The best place for The Bluetones is in your bedroom. llot in person, obviously, though l’m sure a lot of their rabid fans here tonight wouldn’t mind. llo, it’s their music their sensitive and delicate hymns to emotional eguivocation lust die in concert, hammered flat by the demands of the live arena.

The problem is that The Bluetones’ strengths are ones that are impossible to re-produce in the live arena: subtlety, delicacy, understatement. 0n record their pallid rock-outs, such as “Out Some liug’, are easily their worst material: live they seem to dominate, alongside moribund B-sides and startlingly derivative new songs. Even ‘Slight lieturn’ sounds lumpen tonight. The Bluetones know how to weave an Instinctive, lithe and penetrating melody, but you wouldn’t know if from tonight’s heavy-legged bluster. Even Morriss’ inimitable chicken-dancing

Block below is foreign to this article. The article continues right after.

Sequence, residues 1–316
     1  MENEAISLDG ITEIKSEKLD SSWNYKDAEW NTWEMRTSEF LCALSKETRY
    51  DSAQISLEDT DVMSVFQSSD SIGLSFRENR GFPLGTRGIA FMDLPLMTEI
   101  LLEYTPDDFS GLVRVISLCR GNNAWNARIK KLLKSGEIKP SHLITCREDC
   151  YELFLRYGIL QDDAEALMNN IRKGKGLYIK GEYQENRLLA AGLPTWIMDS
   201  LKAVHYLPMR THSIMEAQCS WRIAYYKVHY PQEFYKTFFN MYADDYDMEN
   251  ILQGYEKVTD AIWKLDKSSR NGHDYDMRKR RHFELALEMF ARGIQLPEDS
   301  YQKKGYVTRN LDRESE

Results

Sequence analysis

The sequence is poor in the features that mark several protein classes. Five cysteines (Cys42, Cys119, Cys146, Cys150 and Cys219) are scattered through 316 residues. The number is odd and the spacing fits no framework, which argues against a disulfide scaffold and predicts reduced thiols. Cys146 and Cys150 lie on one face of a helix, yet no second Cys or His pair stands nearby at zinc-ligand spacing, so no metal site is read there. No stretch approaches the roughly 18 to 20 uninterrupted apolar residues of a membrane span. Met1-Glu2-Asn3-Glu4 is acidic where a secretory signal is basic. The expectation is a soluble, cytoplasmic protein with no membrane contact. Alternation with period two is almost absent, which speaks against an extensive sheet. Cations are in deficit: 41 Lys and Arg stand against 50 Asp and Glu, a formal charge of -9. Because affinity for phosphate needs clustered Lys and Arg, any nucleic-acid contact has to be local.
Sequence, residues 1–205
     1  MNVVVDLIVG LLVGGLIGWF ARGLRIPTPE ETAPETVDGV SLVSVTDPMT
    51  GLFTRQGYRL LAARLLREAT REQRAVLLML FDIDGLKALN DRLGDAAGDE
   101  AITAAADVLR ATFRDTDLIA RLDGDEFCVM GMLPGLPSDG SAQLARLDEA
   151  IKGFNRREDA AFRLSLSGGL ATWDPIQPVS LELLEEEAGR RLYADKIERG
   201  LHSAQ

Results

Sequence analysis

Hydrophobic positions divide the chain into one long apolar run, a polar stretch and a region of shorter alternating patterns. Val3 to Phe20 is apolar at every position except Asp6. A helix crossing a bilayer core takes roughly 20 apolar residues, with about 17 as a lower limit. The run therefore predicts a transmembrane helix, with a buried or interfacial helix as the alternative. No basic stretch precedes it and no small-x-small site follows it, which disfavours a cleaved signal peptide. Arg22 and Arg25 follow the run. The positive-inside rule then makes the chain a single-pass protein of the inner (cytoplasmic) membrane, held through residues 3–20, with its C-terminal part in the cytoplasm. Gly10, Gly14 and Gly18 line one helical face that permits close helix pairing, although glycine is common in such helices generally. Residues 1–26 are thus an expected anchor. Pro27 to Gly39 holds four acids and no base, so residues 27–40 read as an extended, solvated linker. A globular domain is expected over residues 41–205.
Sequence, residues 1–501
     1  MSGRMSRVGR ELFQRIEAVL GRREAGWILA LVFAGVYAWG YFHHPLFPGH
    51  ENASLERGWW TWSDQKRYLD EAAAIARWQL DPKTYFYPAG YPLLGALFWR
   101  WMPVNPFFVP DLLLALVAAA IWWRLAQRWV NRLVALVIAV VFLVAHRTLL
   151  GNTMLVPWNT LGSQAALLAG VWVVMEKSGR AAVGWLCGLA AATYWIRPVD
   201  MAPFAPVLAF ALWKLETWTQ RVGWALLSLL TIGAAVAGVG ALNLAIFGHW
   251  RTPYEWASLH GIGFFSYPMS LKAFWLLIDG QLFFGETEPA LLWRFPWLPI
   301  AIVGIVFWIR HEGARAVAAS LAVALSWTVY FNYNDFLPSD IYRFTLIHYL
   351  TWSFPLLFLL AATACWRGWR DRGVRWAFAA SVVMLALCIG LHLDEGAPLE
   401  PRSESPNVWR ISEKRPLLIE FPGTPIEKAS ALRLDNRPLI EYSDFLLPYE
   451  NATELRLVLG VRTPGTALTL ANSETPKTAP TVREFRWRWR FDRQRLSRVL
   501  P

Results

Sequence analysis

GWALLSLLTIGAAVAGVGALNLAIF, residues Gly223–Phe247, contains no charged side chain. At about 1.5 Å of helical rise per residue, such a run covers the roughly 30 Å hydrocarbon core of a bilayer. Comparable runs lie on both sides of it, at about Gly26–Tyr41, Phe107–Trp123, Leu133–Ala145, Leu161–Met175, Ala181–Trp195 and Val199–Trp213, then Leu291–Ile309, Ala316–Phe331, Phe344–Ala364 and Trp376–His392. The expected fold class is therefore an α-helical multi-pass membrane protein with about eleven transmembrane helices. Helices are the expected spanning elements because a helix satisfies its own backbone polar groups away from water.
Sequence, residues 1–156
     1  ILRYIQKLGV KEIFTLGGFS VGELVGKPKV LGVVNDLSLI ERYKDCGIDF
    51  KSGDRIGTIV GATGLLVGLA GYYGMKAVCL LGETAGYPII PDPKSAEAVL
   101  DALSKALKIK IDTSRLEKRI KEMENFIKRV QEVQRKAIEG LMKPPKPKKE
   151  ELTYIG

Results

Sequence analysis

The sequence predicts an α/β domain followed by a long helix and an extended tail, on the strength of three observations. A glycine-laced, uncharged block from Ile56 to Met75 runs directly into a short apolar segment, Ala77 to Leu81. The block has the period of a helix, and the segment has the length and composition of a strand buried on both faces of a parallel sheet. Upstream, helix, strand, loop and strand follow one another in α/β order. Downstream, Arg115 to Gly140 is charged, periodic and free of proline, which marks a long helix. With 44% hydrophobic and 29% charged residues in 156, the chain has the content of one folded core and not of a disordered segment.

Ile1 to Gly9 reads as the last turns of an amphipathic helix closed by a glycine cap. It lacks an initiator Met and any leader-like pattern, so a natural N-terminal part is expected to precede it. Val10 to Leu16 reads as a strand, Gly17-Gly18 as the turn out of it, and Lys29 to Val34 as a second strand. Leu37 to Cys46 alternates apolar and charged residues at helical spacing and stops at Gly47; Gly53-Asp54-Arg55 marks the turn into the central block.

seemed a bit laboured.

While such chiming missives as the marvellous ‘Bluetonic’ are perfectly judged and weighted on record, here it just comes out a smeared blur, as the grimy souped-up guitars are pitted unfairly against the pitiful whine of Mark Morriss. Which is a shame.

Sure, at times they shine: the magnificent ‘Puttlng Out Fires’ survives amplification well enough, but something vital is still missing. Unfortunately, they will carry on this way: they are too big now (two sold out nights in Glasgow, gone in four hours), too ambitious. Their new songs seem written for the big stage: blander melodies, heavier guitars.

Maybe their problem lies in the fact that they are at heart lost an old- fashioned indie band, not a band bred for the new rock orthodoxy. They shouldn’t feel they have to loin in with the lamentable authenticity favoured by Weller and his thlck-eared acolytes. They have enough quality as it is without deliberately trying to join in with the big boys. (James Edwards)

Qm/os. Queen Ala/gale! Uri/ml. Glasgow, Wed 4 Der .